News from Rob Mimpriss

5th July 2024

Voters in the Celtic nations, who rejected a system in which a simple majority of English MPs can veto their nationhood; voters in Birmingham, who rejected a system which supports and justifies the obliteration of Gaza and much of the Global South; voters in Brighton and Bristol, who rejected a system in which the very planet we live on is treated as a mere resource; voters in Islington, who rejected the offer of immediate yet superficial change, to be represented by a man who has campaigned for change all his life; and voters in Clacton and elsewhere who rejected a system in which the parts of England which have ceased to be useful are treated as though they have ceased to be; are telling us that for them the established way of running the world, capitalism concealed with a skein of liberalism, is no longer tenable. The rise of fascism in Russia, America and much of Europe is a warning of what could take its place. It is for Starmer to prove that he takes that warning seriously.

18th April 2024: Inspirational

Today I whispered back, ‘I am the mist and the drizzle.’

28th March 2024: Behind the Walls: Dr Sarah Gallup Reads From ‘Dangerous Asylums’

Dr Sarah Gallup is a clinical psychologist at the California Department of State Hospitals. She also runs a podcast exploring the history of mental health care and the stories of people who lived or worked Behind the Walls of the World’s Psychiatric Hospitals. In six recent episodes she reads from Dangerous Asylums...

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18th March 2024: Turns of the River, Turns of the Road

A parcel arrived yesterday containing reviewers’ copies of the latest titles from my publishing imprint, Cockatrice Books. The first is Gwyriad: Poems by Nigel Jarrett, sharp and striking in its poetic technique, reflecting on class, industrial heritage, and industrial decline, family and local history, and the history of the former Pen-y-Fal Psychiatric Hospital. The second is River of Hope by Roger Granelli, a novel...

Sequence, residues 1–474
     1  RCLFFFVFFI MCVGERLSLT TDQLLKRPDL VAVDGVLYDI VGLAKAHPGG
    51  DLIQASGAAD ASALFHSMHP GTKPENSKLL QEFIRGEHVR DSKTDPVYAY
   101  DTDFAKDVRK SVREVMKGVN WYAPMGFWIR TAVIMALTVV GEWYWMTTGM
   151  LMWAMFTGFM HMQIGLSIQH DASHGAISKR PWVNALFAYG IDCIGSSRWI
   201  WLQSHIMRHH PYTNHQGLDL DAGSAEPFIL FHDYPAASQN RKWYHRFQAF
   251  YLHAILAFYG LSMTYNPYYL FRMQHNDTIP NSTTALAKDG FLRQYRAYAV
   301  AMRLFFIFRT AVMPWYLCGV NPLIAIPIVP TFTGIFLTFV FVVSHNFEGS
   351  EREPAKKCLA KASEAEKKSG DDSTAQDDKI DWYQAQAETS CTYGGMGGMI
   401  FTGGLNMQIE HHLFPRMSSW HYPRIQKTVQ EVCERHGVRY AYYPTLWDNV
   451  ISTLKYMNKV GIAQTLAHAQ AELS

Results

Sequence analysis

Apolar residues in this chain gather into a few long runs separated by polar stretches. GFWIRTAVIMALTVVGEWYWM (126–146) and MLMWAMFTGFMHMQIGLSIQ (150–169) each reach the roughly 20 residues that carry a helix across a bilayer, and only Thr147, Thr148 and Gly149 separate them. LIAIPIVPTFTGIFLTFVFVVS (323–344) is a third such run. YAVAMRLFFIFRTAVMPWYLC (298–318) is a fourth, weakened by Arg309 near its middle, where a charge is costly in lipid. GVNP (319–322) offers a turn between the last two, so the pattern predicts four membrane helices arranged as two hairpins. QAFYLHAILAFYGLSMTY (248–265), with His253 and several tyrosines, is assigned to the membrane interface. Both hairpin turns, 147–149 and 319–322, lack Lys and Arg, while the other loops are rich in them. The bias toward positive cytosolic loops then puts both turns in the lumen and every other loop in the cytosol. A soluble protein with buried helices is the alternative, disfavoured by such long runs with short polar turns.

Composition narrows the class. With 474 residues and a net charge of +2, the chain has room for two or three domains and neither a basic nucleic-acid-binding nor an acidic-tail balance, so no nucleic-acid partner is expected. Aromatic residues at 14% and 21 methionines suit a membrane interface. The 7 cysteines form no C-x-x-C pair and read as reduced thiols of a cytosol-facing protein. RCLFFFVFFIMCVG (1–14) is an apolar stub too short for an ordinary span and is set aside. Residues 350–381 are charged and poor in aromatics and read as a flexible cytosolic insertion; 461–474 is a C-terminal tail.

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6th March 2024: Land of Change׃ Stories of Struggle and Solidarity from Wales

A parcel containing two books reached me from Culture Matters the other day: the first, a copy of Land of Change, an anthology of Welsh writing edited by Gemma June Howell, and containing a short story of mine, ‘Industry in the Country of the Blind,’ among its eighty-odd entries...

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6th May 2023: Reading for Republicans

As a response to the junketing taking place in the centre of London this weekend, Cockatrice Books quietly discounts two of its titles to rather less than the cost of the coronation for the average UK taxpayer. My translation of A Book of Three Birds by Morgan Llwyd, written by a roundhead and Fifth Monarchist during the early years of Cromwell’s dictatorship; and T. Gwynn Jones’s translation of The Sleeping Bard by Ellis Wynne, published just a few years before Scotland’s annexation by England, both reflect on the nature of power and authority, the relationship between religion and the state, the purpose of the British union, and the future of Wales...

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13th December 2022: Pugnacious Little Trolls at the White Review

There are not many extrinsic rewards for Welsh writers. The reading population is small; there are significant financial hardships; we are saturated with material from England and the wider Anglosphere; and even the best of Welsh writing is perceived, with some reason, as unvaried and unexciting. Publishers regard Welsh writers at best with a kind of commercial suspicion, and at worst with political and cultural mistrust.

Even so, my recent short-story collection, Pugnacious Little Trolls, has just been listed as one of The White Review’s books of the year for 2023...

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18th June 2022: Rivers of Wales by Jim Perrin

Jim Perrin’s Rivers of Wales, recently published by Carreg Gwalch, joins his earlier books, Snowdon and The Mountains of Wales in combining autobiography with reflections on Welsh heritage and landscape. Among the pleasures it offers the reader are the wealth of his descriptions of writers, naturalists, scholars and adventurers...

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21st May 2022: ‘Industry in the Country of the Blind’ goes to Culture Matters

In a short story, ‘The Country of the Blind’ by H. G. Wells, a climber in the Andes separated from his party stumbles upon a highland valley cultivated by a forgotten community of the congenitally blind. These people, cut off in their isolated valley over centuries, have created a way of life so perfectly adapted to their blindness that they have forgotten that sight exists...